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AS the occasion of this poem was real, not fictitious ; so the method pursued in it, was rather imposed, by what spontaneously arose in the author's mind on that occasion than meditated or designed. Which will appear very probable from the nature of it. For it differs from the common mode of Poetry, which is, from long narrations to draw short morals. Here, on the contrary, the narrative is short, and the morality arising from it makes the bulk of the Poem, The reason of it is, That the facts mentioned did naturally pour these moral reflections on the thought of the writer.
COMPL A IN T.
NIGHT THE FIRST:
TO THE RIGHT HONOURABLE ARTHUR ONSLOW, ES2.
SPEAKER OF THE HOUSE OF COMMONS.
I IR'D Nature's sweet restorer, balmy Sleep!
From short (as usual) and disturb'd repose,
Ev'n in the zenith of her dark domain,
Night, sable goddess ! from her ebon throne,
Silence and Darkness! solemn sisters ! twins From ancient Night, who nurse the tender thought To Reason, and on Reason build Resolve, (That column of true majesty in man) Assist me: I will thank you in the grave; The grave, your kingdom: There this frame shall fall A victim sacred to your dreary shrine. But what are ye?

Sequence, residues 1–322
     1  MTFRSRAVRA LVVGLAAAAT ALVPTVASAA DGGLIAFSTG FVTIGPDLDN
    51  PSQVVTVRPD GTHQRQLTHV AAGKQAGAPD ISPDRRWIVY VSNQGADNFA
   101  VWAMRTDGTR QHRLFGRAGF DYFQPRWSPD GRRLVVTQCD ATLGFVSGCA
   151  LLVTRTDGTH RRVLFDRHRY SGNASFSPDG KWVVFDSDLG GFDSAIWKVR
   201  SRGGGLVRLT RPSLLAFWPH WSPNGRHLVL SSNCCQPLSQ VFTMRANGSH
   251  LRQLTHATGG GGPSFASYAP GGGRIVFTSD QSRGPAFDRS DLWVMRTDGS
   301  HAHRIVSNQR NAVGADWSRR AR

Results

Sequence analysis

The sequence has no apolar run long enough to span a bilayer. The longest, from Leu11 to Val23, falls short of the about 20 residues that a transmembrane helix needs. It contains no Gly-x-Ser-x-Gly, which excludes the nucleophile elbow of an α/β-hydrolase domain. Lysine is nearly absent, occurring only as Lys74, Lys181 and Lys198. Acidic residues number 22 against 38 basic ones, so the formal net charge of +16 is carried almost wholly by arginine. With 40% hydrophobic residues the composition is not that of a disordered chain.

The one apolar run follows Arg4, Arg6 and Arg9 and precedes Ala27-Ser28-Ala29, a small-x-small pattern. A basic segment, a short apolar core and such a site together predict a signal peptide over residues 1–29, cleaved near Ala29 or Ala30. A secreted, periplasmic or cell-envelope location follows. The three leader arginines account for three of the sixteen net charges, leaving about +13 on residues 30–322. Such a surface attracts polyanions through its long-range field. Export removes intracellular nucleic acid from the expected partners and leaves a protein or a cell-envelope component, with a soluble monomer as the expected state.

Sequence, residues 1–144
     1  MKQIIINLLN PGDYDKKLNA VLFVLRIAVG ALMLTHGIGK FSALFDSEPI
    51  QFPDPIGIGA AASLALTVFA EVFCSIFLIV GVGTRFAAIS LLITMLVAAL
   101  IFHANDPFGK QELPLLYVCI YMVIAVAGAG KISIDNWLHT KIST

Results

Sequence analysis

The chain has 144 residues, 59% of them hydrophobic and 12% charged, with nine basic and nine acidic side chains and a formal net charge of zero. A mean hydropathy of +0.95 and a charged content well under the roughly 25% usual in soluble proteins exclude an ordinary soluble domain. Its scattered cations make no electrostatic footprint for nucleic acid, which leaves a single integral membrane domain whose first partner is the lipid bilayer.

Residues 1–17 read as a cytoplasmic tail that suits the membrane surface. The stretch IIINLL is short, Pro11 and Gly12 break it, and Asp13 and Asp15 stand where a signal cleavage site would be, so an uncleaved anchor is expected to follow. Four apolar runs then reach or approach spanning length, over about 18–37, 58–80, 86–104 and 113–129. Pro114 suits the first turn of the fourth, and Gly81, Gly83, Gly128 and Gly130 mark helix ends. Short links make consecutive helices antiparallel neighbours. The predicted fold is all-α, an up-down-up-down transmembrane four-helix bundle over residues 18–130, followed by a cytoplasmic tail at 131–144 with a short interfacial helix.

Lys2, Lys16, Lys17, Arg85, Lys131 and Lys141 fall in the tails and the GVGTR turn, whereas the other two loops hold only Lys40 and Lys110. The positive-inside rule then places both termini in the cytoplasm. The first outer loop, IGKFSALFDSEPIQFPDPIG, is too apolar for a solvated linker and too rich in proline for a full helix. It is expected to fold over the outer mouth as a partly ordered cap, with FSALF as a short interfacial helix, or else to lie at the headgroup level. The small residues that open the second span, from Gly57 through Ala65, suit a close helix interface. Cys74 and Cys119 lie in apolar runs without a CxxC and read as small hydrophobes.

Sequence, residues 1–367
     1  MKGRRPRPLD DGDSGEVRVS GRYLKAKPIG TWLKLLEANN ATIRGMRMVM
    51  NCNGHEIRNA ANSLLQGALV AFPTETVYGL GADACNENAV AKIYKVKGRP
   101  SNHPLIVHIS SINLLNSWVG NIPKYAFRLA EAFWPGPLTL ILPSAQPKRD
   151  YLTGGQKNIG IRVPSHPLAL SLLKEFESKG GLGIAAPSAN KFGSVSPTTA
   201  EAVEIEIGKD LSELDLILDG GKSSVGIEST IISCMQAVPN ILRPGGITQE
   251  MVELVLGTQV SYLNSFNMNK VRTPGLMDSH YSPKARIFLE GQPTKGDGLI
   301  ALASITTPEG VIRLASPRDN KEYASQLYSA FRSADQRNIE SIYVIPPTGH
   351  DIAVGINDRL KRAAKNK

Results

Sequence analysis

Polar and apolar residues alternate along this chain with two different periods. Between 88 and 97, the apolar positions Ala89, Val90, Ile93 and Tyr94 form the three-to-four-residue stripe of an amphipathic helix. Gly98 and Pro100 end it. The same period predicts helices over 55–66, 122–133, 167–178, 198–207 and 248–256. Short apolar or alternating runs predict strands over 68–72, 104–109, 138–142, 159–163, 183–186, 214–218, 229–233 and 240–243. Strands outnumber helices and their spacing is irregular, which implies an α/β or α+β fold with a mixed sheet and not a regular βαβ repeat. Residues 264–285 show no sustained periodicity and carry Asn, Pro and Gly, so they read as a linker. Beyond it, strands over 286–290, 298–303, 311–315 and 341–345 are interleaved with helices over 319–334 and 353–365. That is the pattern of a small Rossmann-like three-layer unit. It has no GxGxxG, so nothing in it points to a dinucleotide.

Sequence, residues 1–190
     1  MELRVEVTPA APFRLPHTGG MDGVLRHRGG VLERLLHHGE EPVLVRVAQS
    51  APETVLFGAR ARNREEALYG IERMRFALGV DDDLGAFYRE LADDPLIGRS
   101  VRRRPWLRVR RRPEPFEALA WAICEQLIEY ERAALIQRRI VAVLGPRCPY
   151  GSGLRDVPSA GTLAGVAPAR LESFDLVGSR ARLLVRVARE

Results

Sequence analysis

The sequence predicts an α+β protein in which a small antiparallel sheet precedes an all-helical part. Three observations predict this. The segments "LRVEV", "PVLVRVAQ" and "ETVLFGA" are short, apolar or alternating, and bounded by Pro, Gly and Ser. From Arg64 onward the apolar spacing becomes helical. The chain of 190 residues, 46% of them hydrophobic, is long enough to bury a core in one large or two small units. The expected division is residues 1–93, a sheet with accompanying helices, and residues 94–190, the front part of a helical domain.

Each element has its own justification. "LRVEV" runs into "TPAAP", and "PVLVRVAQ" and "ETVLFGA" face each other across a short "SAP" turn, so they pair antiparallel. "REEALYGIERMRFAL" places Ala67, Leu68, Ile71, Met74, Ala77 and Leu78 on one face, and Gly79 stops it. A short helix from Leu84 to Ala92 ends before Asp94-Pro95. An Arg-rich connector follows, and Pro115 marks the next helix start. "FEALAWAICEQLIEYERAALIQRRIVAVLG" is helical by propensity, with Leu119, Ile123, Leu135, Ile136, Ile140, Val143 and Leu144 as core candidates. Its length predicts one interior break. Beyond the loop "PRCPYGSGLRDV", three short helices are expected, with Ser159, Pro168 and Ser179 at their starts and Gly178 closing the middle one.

THOU, who didst put to flight Primæval Silence, when the morning stars, Exulting, shouted o'er the rising ball; O THOU, whose word from solid darkness struck That spark, the sun ; strike wisdom from my soul; My soul, which flies to Thee, her trust, her treasure, As misers to their gold, while others rest.
Thro’ this opaque of Nature, and of Soul, This double night, transmit one pitying ray, To lighten, and to chear. O lead my mind,
(A mind that fain would wander from its woe)
The bell strikes One. We take no note of time
How poor, how rich, how abject, how august, How complicate, how wonderful, is man! How passing wonder HE, who made him such! Who centred in our make such strange extremes ! From diff'rent natures marvelously mixt, Connerion exquisite of distant worlds! Distinguish'd link in being's endless chain! Midway from Nothing to the Deity!